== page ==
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October 19, 2020
Long-term medications can produce a range of different side effects, including nausea, drowsiness, and weight gain. However, another side effect that often goes unnoticed: nutrient deficiencies. The oral contraceptive pill (OCP) is notorious for this, and women often jump on it long-term without doing their research and not being aware of the potential risks and side effects.
Firstly, the oral contraceptive pill works by introducing synthetic hormones into your body, which means there will be more hormones floating around. These extra hormones increase the load on your liver, which means more nutrients are required for the liver to do its job.
Secondly, the OCP has been shown to wreak havoc on your gut by reducing the integrity of the intestinal wall, meaning less nutrients are able to be absorbed. In addition to this, the OCP has also been shown to modify your gut microbiome, which are key players in our gut health and nutrient bioavailability.
Studies comparing the levels of nutrients in the blood of those who take the OCP vs. those who do not take the OCP found deficiencies of folic acid, vitamins B2, B6, and B12, vitamin C, magnesium, selenium, and zinc.
This vitamin helps to prevent our blood from clotting unnecessarily, which means our risk of heart attacks and strokes climbs when you're on the pill. Vitamin B6 also plays a crucial role in our mood, calmness, sleep patterns, pain response, sexual desire, and blood glucose management. Foods that contain B6 include chickpeas, beef, fish, pork, poultry, eggs, wholegrains, potatoes, and nuts.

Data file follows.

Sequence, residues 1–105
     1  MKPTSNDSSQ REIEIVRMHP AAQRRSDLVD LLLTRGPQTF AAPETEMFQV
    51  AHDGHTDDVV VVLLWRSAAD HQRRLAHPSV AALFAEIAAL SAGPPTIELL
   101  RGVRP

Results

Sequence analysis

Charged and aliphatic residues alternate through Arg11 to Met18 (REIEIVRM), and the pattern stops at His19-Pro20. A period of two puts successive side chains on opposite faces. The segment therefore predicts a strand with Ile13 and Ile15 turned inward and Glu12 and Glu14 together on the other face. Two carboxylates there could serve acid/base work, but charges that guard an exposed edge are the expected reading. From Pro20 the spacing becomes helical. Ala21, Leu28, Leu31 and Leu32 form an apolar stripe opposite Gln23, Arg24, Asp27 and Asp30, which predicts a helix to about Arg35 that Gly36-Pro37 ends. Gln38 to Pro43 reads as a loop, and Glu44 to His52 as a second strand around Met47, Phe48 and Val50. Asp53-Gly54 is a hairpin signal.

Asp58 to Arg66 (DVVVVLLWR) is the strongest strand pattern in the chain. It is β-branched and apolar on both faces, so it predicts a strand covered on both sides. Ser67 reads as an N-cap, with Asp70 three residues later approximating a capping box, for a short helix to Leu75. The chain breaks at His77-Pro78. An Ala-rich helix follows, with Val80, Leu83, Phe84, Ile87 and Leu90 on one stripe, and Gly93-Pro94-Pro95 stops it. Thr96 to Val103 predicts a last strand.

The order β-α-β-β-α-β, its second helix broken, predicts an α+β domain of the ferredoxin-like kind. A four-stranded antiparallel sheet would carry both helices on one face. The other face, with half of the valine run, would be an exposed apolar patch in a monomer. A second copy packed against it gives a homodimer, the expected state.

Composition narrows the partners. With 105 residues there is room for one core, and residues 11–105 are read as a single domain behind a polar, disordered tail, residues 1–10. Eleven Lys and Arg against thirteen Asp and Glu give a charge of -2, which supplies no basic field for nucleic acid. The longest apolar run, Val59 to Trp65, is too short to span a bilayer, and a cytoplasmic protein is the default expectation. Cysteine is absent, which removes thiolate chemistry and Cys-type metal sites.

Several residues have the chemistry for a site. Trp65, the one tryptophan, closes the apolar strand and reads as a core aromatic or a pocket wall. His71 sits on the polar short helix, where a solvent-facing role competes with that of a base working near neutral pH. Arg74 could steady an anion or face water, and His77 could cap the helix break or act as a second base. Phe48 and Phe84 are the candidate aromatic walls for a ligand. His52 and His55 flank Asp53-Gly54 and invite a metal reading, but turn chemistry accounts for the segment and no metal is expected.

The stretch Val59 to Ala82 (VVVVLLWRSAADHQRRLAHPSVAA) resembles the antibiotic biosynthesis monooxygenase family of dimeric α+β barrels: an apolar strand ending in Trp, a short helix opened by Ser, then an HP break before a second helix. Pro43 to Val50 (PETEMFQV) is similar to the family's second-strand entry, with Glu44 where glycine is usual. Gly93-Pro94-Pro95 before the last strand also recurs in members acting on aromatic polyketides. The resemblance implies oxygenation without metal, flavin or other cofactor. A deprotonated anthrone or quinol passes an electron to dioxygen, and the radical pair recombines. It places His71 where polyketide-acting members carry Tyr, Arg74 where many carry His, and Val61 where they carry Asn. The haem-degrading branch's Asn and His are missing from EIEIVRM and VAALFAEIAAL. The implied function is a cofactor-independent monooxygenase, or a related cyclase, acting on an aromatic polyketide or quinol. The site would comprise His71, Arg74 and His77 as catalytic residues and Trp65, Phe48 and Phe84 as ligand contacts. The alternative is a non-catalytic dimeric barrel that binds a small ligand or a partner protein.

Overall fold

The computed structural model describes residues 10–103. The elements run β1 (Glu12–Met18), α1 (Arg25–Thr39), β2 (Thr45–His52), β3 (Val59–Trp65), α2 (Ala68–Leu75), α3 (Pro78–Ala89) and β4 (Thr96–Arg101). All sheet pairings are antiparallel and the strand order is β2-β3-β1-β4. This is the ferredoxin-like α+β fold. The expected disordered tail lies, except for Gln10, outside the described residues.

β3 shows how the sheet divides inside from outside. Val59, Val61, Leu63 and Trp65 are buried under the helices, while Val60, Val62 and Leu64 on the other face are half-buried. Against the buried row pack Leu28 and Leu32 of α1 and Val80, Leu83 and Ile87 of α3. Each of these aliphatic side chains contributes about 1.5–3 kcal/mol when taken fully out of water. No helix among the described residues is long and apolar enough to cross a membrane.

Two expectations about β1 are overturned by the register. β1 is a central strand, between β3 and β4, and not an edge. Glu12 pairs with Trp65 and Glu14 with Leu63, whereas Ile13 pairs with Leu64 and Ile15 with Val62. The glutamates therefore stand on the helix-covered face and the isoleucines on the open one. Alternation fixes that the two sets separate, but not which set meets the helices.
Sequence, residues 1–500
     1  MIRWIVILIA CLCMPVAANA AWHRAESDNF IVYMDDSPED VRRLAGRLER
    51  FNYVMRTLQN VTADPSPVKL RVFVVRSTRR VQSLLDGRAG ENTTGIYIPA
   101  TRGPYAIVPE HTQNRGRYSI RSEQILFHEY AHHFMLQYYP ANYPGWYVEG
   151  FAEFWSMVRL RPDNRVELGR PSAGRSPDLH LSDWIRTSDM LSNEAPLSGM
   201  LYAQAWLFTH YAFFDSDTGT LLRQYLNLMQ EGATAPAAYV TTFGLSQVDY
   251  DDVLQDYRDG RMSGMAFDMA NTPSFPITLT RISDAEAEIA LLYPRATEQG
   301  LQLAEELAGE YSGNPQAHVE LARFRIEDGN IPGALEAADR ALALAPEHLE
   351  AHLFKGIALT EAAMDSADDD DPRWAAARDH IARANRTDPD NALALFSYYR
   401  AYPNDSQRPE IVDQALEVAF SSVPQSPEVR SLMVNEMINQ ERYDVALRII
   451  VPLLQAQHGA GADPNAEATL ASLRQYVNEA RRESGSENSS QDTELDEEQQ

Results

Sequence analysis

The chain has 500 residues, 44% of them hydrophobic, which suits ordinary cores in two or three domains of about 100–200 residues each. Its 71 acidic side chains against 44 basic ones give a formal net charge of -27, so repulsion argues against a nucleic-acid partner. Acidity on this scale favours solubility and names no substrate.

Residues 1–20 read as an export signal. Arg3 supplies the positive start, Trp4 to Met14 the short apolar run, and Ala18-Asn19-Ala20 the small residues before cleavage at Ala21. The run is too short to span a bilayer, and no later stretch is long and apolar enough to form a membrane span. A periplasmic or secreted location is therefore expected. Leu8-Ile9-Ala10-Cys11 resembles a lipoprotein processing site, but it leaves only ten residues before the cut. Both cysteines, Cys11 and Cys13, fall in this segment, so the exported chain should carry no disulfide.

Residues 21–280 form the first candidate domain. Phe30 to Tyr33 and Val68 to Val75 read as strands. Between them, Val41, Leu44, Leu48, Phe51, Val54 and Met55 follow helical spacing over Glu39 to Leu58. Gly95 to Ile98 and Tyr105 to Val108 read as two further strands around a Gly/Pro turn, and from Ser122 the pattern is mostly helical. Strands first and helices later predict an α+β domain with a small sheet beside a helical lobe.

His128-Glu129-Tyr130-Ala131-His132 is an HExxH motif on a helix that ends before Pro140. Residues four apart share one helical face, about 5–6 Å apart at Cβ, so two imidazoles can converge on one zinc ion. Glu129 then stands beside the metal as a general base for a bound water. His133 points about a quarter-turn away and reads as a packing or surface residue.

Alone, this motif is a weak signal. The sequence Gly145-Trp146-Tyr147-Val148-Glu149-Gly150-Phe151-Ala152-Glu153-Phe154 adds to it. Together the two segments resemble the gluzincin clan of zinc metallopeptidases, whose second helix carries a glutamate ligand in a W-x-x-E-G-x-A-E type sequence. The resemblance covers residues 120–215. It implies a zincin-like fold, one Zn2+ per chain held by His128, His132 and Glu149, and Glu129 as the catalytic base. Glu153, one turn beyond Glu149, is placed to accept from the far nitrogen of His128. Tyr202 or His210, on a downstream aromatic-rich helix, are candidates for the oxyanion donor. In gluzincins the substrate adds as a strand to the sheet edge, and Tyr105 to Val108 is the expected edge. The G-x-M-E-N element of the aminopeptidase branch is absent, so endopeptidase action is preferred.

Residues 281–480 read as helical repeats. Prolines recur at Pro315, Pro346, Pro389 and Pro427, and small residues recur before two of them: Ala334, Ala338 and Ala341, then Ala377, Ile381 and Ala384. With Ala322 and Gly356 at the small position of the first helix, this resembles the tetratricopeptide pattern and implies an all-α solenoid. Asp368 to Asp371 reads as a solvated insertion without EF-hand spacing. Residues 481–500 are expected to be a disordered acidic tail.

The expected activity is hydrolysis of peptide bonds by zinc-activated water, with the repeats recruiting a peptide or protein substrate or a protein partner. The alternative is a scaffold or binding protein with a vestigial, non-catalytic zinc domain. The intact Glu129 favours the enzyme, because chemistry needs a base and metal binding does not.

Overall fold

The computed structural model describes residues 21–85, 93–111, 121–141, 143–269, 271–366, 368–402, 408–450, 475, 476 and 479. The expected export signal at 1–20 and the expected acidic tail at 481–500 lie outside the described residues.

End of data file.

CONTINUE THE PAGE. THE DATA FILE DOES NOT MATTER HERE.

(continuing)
This vitamin helps our nervous system to function, and is also involved in the formation of red blood cells, DNA, and energy. Foods that contain B12 include; Red meat, poultry, pork, fish, dairy production, nutritional yeast, and eggs.
Folate is vital for the production of red blood cells and it also helps your baby’s neural tube to develop during the early stages of pregnancy. Coming off the pill and trying to get pregnant straight away, is not only difficult but it also adds risk to your pregnancy and the development of your baby. Supplementation of folate is key during pregnancy.
Foods that contain folate include; green leafy vegetables, beef, avocado, broccoli, and kidney beans.
One of my favourite nutrients, and one that so many people lack. Magnesium is required for over 300 reactions within the body including; energy production, muscle and nerve function, DNA production, our stress response, hormone production, and glucose management. Deficiencies can lead to a wide array of symptoms including; muscle aches, anxiety, headaches, fatigue, high blood pressure, PMS, and thyroid issues (the list goes on). Foods that contain magnesium include good quality dark chocolate, sunflower seeds, green leafy vegetables, avocados, bananas, black beans, chickpeas, and seafood.
Zinc is another powerhouse nutrient that doesn’t quite get the attention it deserves. Zinc plays a key role in immune function, wound healing, and the metabolism of carbohydrates. Zinc is already deficient in NZ soils, so jumping on the pill is only adding fuel to the fire. Symptoms of zinc deficiency include a loss of appetite, acne, impaired immune function, impotence, hair loss, skin lesions, and diarrhoea.
Knowledge is power. If you’re thinking about using the pill, get informed and make sure you consider all of your contraceptive options. If it’s not for contraception, and you’re only using it to bypass your monthly nightmare, maybe it’s time you look into your hormone health. There is no point putting a band-aid over the situation.
March 18, 2021
February 23, 2021
Choline is a nutrient that is made in small amounts in the liver of the body, the rest of our requirements must be obtained through the diet.
Choline has a whole lot of different jobs in the human body ranging from supporting the nerves and liver to function, helping mood, and working with folic acid during pregnancy to help the babies brain and nervous system develop.
December 11, 2020
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